Mega Man IV
Love is a funny thing, especially if you're silly enough to apply it to a discussion about videogames. But just like actual love between real people, when it's right you can feel it. Right there in your bones.
Mega Man IV for Game Boy adds some small details to the Mega Man formula, and it's so right that you can't miss feeling the love. Together, they're like the extravagant prom dress, or the fine lace lingerie that makes a stunningly beautiful woman even more attractive. Is it the animated backgrounds and subtle stripple-transparency effects that are so far above and beyond the typical Game Boy game? Or perhaps the newly-introduced P-Chips which serve as currency for Mega Man to buy upgrades, extra lives, or E-Tanks? P-Chips are a wonderful new addition to the Mega Man template -- a currency (almost like coins in Super Mario Bros.) which offers small but lasting benefits for those who cash them in. Sure, Dr. Light's "store" only sells one permanent upgrade, but the psychological incentive to collect and horde P-Chips made the idea into a series mainstay. Even if they changed the chips into nuts and bolts.
But let us return to my pipe dream for a moment, where I presume that in the absence of some kind, intelligent, wonderful woman in my life I can instead love a terribly outdated videogame. So! Not only does Mega Man IV dress well, but she's been working out since we last dated, a few months back. This chick has burned off her excess fat -- gone are the bullshit low-ceiling-clearance jumps that made the previous Game Boy outing so aggravating; forgotten is the unreliable Rush Coil that wasn't always guaranteed to work on spikes. In their place are challenging-but-fair platforming exercises which force even veteran players into that pleasingly familiar zone of concentration.
A Mega Man game lives or dies by how fun the pure platforming sections are, since that's really what players spend most of their time doing. If defeating Robot Masters and abusing their special weapon represents coitus, platforming is the foreplay that comprises the majority of successful lovemaking. And like the Carry Item and falling icicles of Dr. Wily's Revenge, Mega Man IV's levels are designed around clever and original platforming elements. Only now there are exactly zero disappearing blocks.
Take Napalm Man's stage: On the NES, this level features a nondescript section in which the player charges through a straightaway cave, encountering huge tunnel-boring drills that fall to a single Mega Buster blast. On Game Boy, these drills are unleashed everywhere, serving both as moving platforms as well as traps that make tight caves unbearable. Many stages feature strings of unstable stones that shake and then descend one square each time they are touched, forcing the player to adjust for height and distance while hopping back and forth precariously. But most impressive is Crystal Man's stage, where entire portions of the level deform and collapse in real time. Within a hair of a second, unlucky players must choose between an endless drop or being unceremoniously crushed as ground and ceiling rapidly converge.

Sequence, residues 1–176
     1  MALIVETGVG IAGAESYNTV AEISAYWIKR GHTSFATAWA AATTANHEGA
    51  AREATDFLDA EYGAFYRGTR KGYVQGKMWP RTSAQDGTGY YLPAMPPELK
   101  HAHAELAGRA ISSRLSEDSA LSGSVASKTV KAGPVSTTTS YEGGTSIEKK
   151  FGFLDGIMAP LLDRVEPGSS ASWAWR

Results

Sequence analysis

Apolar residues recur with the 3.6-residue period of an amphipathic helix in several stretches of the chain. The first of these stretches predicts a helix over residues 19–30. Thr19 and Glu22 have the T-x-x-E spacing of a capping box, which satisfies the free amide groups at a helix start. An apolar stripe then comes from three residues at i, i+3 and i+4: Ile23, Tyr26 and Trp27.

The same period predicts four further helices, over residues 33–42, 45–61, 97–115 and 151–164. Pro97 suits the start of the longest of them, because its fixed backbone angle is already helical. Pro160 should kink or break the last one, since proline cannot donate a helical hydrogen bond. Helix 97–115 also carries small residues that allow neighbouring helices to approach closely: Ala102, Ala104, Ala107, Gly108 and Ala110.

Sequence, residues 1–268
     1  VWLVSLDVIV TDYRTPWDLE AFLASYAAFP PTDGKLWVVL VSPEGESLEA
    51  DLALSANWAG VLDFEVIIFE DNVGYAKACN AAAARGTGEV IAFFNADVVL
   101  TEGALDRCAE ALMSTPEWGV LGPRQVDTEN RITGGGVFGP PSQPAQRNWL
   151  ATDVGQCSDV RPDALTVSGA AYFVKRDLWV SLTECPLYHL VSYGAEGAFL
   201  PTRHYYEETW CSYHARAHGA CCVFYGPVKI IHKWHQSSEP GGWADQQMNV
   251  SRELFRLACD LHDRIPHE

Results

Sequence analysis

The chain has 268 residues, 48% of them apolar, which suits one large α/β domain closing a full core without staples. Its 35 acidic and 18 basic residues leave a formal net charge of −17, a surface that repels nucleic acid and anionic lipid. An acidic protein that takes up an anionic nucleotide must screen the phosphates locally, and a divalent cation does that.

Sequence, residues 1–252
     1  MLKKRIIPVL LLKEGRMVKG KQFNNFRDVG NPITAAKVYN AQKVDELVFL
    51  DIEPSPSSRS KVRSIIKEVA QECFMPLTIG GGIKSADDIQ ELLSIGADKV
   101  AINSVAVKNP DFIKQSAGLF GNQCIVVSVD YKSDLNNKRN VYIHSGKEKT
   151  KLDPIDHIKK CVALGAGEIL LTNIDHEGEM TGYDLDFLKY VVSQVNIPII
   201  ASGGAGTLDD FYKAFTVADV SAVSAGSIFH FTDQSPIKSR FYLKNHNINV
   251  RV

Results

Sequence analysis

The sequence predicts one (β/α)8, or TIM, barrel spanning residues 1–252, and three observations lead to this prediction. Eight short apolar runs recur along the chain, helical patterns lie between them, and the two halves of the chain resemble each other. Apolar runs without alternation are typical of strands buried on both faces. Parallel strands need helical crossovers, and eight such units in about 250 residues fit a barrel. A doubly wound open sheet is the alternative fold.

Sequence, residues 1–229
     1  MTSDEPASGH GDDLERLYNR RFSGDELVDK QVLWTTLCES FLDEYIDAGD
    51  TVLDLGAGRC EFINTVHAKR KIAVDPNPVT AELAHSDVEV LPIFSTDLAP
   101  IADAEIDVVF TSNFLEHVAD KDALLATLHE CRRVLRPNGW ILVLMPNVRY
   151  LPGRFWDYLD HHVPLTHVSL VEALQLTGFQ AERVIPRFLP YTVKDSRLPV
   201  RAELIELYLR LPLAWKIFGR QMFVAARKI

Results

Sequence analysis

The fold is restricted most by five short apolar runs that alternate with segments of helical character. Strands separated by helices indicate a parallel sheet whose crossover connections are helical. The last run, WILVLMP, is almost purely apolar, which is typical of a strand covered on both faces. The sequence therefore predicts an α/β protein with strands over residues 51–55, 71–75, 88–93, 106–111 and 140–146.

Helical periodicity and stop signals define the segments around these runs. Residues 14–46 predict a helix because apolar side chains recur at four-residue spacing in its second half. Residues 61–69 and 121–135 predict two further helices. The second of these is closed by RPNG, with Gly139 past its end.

When Mega Man IV was first released, many families already owned a Super Nintendo, and its first Mega Man outing -- Mega Man X -- was brimming with a variety of shifting and crushing foreground elements. So perhaps it didn't quite register back then how interesting the deforming terrain in this game was. In retrospect, Mega Man IV's engine is even more impressive, since it accomplishes these effects by adding and subtracting foreground tiles in real time. The rushing waterfall in Toad Man's stage, the crushing pillars in Crystal Man's stage, and even bosses on Wily's battlecruiser utilize foreground in dynamic and interesting ways.
Combined with the brilliantly detailed and animated foreground and background art, Mega Man IV looks and feels very much alive, in a way few other 8-bit platformers ever attempted. One impressive detail -- the Flash Stopper weapon obtained from Bright Man is capable of halting time, not only freezing enemies but the dynamic foreground as well.
The levels themselves are noticeably larger and more ambitious than previous Mega Man games, with widely branching forks and paths, secret areas, and dead ends. But we're not talking fully non-linear territory like Metroid or a complete departure from series conventions like Adventure Island IV?. It's still the same Mega Man experience, with detailed cartoonish enemies and the trademark enormous robo-fauna, only polished and improved to a new, higher standard. Once again, the music is note-for-note perfect (aside from the slightly rearranged boss music for the first wave of Robot Masters), while the newly composed themes employ stereophonic strobing and chorus-delay trickery that make Game Boy earbuds absolutely sing.
In short, Mega Man IV is a terrific example of platforming done correctly, right up there with Mega Man 2 and Mega Man 3 for NES. One could complain about the weaksauce Robot Masters or the merely passable special weapons, but like a soul mate, we must be willing to accept the smaller flaws in order to better appreciate the total package. You'd certainly take this girl home for the night, but you just might love her forever.